We must realize the power of arrest now basically lies in Marxist hands, and they will use it. Already they have perverted the definition of who is and who is not a “terrorist.” It’s no longer the foreign Islamic Jihadists who killed over 3000 Americans in a single day, who are the terrorist!” To suggest is to be labeled Islamaphobic, but Oath Keepers, former American soldiers, and policemen still willing to keep the oaths they took to Protect and Defend the…

To Secede, or Not To Secede, That is the Question for Oregon and Idaho

To Secede, or Not To Secede, That is the Question for Oregon and Idaho

The Oregon vote shows both the desire of the people to change and their willingness to fight for their land. Is that enough? As of the writing, I don’t know how the legislature of Oregon will respond to this vote. Are the legislators willing to trap people in an unhappy situation to further their political goals? We’ve seen that before in world history, and it doesn’t end well.

John Kerry is a Consequential Internal Security Threat to America

John Kerry is a Consequential Internal Security Threat to America

John Kerry co-chaired the 2020 presidential campaign Biden-Sanders unity climate change task force with the socialist Rep. Alexandria Ocasio-Cortez, D-N.Y., which provided the framework for a “Green New Deal,” since repackaged as the Democrat “infrastructure” plan. Kerry has a habit of being in the center of many of the worst policies that pose major security risks for America…

Biden, G7 & the China Conundrum

Biden, G7 & the China Conundrum

The only way to confront the Chinese colossus is by combining the populations, economic and military powers of the USA, Europe, Russia, and India. Excluding Biden’s mental lapses and gaffes, the G7 leaders had a good time amongst themselves at enormous taxpayers’ expenses and returned home, not only empty-handed but empty-minded for completely ignoring all the following items…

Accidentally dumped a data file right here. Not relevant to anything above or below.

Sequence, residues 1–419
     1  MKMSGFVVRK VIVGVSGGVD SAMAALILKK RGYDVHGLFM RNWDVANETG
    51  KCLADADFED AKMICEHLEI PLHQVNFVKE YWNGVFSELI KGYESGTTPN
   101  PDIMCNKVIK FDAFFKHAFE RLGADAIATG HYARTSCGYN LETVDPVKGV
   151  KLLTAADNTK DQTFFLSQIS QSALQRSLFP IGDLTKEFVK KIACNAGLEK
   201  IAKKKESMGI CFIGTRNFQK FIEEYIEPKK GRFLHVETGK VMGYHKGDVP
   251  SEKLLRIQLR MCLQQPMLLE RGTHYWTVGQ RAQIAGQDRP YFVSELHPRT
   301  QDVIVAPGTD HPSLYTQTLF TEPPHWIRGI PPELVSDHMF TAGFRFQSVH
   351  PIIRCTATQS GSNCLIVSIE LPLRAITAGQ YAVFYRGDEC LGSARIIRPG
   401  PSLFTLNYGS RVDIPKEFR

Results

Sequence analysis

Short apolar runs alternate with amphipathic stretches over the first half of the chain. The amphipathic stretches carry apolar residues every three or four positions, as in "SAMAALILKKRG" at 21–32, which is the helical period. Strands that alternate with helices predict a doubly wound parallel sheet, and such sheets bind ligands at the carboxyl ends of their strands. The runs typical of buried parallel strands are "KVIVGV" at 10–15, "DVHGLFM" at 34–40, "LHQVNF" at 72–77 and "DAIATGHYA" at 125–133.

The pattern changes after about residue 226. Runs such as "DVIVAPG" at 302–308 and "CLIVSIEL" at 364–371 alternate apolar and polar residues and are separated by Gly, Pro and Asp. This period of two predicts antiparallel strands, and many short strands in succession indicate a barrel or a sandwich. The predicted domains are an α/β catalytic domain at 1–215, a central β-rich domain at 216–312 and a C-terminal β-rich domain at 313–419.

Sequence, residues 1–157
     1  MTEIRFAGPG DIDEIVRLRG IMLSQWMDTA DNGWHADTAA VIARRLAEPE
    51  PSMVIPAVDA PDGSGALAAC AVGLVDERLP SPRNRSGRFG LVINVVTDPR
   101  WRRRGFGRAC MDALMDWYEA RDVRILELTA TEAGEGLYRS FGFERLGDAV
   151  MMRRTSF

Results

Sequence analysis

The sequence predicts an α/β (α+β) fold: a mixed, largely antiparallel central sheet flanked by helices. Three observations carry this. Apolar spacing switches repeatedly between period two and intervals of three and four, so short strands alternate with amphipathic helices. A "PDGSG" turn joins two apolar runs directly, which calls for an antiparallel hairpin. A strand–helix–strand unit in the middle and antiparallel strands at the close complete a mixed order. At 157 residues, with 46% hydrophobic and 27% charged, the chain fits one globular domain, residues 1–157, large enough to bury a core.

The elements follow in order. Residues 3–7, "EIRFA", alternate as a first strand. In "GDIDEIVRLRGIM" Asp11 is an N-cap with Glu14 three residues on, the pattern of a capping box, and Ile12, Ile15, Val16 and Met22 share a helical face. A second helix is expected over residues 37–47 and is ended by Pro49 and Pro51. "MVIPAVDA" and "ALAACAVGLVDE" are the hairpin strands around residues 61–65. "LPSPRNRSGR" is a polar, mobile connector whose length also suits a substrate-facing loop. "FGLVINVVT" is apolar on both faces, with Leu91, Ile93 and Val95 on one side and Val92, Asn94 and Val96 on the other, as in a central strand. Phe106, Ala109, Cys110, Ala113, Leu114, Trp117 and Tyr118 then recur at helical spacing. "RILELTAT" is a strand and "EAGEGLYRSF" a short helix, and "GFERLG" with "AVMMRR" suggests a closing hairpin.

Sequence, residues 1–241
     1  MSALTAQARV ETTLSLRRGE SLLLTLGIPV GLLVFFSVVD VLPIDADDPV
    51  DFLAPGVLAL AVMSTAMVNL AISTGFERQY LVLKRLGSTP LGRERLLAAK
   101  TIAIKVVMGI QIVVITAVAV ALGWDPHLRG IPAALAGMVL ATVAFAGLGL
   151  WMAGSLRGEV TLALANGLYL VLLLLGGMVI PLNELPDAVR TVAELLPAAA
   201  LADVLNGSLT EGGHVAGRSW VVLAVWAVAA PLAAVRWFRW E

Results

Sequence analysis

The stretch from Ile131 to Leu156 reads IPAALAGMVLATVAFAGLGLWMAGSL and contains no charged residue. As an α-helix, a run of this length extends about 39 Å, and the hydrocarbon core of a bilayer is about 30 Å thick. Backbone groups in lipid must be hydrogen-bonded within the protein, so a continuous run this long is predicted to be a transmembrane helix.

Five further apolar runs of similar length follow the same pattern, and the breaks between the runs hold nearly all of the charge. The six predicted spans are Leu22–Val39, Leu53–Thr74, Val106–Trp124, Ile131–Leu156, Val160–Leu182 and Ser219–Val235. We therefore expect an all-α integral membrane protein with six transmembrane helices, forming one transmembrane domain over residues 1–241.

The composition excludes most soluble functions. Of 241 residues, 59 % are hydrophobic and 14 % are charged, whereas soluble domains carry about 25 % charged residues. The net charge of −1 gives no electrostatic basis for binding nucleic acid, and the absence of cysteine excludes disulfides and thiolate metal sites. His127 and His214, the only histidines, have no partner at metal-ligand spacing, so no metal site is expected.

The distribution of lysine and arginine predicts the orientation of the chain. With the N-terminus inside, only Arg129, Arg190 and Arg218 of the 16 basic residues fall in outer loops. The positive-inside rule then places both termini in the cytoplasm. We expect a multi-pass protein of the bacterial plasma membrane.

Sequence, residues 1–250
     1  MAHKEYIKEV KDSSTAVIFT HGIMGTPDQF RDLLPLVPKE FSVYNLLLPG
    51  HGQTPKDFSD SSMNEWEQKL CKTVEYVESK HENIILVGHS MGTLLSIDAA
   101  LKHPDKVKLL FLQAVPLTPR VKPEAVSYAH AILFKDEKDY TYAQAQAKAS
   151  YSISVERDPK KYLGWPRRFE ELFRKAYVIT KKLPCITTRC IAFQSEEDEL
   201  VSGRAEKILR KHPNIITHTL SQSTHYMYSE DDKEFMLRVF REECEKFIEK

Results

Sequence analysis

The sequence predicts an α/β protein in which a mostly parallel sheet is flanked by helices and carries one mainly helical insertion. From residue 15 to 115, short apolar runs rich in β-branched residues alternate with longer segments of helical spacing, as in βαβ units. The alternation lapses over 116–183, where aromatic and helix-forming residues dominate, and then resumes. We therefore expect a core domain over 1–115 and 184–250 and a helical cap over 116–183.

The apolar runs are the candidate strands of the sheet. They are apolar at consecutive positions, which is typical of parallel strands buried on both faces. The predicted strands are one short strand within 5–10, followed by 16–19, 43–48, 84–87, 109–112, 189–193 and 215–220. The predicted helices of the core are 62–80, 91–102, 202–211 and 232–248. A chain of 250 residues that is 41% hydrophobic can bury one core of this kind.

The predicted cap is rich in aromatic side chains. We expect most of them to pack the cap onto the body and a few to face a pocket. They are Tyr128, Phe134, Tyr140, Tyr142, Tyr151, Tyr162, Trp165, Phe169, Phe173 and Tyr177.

5 Tools That Will Help You Tame Anxiety

5 Tools That Will Help You Tame Anxiety

Emotions are actually intelligent indicators meant to get your attention and provide energy and information. Anxiety as an emotional symptom is a sign you are not present. Ultimately, you can retrain your mind with consistent self-care tools and by prioritizing yourself to take the time to reset when your emotions are getting overly amped up…

COVID-19 Vaccines Not Safe for Human Use on Either Side of the Atlantic

COVID-19 Vaccines Not Safe for Human Use on Either Side of the Atlantic

Since the majority of the deaths occur within a few days of the vaccine administration, if the vaccine did not directly “cause” the death, it was undoubtedly in the causal pathway of these temporally related fatalities. Common narratives include vaccine-induced fatal heart attacks, strokes, blood clots, and blood disorders. 5,888 Americans have died and confirmed by the CDC, and possibly tens of thousands not reported or still backlogged at the CDC…

Sadly, Biden Was the Laugh of the G7 Party

Sadly, Biden Was the Laugh of the G7 Party

The President’s behavior throughout the G7 meeting and the meeting with Putin that followed did nothing to alleviate the suspicions that many Americans have that the President’s cognitive ability is fading rapidly. This, of course, leads to another question: Is Joe Biden really able to carry out his duties as President of the United States and leader of the free world?

#BidenBlunders Are Top Greatest US Threats – Not White Supremacists or Global Warming

#BidenBlunders Are Top Greatest US Threats – Not White Supremacists or Global Warming

How does terminating American petroleum and pipelines — while at the same time placating Putin’s — benefit all those drowning Arctic polar bears Al Gore warned us about? I’m betting that lots of recently unemployed coal miners and oil patch roughnecks are among a great many who are questioning these same contradictions regarding America’s truly urgent problems…

Coincidence or Conspiracy to Take Down a Nation

Coincidence or Conspiracy to Take Down a Nation

Now with a clearer vision of the past year and a half, could this nightmare we’ve been living have all been simply happenstance? Or is there something more sinister behind it? When we consider some parallels between the CCP-virus, the now-obvious hanky-panky that surrounded our Nov. 3rd elections, and the false flags unfolding around the January 6th Capitol event, we could almost have a conspiracy!

Your Source for Free Speech, Talk Radio, Podcasts, and News.


Here we take on the challenges of our generation so that we can preserve future generations.


The APPS are free; the mission is priceless!

Free APP

Podcast Networks

Apple Podcasts
Google Podcasts

Subscribe and Listen on Your Favorite APP

Our Columnists and Show Hosts

Support wounded and fallen police officers. The Wounded Blue.

Apple Podcasts

Fighting corporate censorship and ensuring voter integrity...

Apple Podcasts
Share via
Copy link
Powered by Social Snap